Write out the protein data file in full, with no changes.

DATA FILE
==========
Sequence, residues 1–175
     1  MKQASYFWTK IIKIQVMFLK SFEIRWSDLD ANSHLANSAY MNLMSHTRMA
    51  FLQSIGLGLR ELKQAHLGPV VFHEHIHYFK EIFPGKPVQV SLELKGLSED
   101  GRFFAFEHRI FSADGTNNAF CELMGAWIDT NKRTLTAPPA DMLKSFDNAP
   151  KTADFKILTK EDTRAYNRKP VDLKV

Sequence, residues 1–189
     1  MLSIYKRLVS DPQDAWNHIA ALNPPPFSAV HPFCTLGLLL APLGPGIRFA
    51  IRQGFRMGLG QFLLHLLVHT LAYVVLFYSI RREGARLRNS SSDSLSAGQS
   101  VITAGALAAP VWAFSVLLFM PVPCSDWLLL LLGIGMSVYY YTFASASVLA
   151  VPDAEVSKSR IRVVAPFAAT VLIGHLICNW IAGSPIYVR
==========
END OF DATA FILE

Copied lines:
Sequence, residues 1–175
     1  MKQASYFWTK IIKIQVMFLK SFEIRWSDLD ANSHLANSAY MNLMSHTRMA
    51  FLQSIGLGLR ELKQAHLGPV VFHEHIHYFK EIFPGKPVQV SLELKGLSED
   101  GRFFAFEHRI FSADGTNNAF CELMGAWIDT NKRTLTAPPA DMLKSFDNAP
   151  KTADFKILTK EDTRAYNRKP VDLKV

Sequence, residues 1–189
     1  MLSIYKRLVS DPQDAWNHIA ALNPPPFSAV HPFCTLGLLL APLGPGIRFA
    51  IRQGFRMGLG QFLLHLLVHT LAYVVLFYSI RREGARLRNS SSDSLSAGQS
   101  VITAGALAAP VWAFSVLLFM PVPCSDWLLL LLGIGMSVYY YTFASASVLA
   151  VPDAEVSKSR IRVVAPFAAT VLIGHLICNW IAGSPIYVR